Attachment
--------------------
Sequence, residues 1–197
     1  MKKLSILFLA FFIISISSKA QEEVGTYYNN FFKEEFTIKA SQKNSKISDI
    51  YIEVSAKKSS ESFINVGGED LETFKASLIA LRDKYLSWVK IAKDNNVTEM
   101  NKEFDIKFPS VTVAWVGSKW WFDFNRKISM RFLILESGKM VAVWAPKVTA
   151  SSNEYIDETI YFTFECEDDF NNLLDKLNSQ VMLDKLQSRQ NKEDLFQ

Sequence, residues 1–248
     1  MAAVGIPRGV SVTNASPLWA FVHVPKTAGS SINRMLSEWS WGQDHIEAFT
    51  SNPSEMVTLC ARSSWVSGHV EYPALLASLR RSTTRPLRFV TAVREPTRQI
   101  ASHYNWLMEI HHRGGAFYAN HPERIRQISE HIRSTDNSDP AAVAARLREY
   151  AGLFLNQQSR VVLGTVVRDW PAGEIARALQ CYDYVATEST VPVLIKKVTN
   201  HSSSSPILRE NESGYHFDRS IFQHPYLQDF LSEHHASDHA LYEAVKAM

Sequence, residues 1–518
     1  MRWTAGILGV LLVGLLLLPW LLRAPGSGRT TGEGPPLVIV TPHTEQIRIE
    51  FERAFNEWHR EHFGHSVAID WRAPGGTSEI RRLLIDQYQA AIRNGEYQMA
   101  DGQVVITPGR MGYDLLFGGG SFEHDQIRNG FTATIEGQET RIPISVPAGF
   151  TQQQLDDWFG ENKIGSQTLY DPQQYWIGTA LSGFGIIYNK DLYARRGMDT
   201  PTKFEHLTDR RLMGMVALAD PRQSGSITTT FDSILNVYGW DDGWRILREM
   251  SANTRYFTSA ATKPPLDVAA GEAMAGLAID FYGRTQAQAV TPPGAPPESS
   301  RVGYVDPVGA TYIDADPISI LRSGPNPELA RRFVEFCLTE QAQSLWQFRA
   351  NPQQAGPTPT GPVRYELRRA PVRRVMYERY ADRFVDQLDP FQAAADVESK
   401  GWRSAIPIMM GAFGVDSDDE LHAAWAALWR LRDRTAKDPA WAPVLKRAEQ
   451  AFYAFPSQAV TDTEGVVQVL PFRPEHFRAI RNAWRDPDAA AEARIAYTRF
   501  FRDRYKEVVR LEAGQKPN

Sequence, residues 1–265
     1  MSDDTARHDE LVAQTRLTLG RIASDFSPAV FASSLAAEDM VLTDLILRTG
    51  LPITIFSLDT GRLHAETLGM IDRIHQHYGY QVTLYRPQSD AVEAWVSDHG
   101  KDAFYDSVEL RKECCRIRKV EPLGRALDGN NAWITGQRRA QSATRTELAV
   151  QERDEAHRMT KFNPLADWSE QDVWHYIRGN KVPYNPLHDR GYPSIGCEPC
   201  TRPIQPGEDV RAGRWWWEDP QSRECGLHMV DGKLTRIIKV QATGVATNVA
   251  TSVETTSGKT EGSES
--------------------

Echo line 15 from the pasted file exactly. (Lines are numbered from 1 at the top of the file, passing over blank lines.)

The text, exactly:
   101  DGQVVITPGR MGYDLLFGGG SFEHDQIRNG FTATIEGQET RIPISVPAGF